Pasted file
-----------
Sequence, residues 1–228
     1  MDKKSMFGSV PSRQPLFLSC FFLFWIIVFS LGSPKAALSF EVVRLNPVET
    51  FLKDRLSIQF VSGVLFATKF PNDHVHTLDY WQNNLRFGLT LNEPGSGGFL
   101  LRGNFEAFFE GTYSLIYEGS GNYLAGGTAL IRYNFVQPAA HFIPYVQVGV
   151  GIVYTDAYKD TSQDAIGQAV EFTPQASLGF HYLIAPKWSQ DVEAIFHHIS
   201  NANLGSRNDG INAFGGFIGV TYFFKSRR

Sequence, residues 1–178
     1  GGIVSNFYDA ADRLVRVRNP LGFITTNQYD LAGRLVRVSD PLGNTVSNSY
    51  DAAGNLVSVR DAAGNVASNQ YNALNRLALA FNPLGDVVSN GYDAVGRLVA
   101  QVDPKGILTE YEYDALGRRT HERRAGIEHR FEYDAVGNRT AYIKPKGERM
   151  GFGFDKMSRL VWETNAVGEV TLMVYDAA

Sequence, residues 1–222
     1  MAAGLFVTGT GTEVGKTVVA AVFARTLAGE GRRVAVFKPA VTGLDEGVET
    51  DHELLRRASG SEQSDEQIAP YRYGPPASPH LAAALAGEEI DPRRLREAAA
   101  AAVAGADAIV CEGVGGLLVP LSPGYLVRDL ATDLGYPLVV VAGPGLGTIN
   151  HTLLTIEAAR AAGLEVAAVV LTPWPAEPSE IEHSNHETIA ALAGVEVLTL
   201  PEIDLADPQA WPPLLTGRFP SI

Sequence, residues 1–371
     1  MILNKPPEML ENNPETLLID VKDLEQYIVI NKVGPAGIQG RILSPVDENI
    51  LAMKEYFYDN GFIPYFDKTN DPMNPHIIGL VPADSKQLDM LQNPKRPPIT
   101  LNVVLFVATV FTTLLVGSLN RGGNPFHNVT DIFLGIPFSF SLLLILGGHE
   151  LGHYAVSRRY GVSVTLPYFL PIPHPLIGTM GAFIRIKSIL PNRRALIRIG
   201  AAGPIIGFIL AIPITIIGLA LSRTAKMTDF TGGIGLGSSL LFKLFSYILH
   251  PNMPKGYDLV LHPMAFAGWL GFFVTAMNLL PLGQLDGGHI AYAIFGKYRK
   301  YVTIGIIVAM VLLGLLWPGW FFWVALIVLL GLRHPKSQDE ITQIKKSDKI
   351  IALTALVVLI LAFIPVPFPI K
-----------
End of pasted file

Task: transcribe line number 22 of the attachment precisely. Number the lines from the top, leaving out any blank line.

   151  LGHYAVSRRY GVSVTLPYFL PIPHPLIGTM GAFIRIKSIL PNRRALIRIG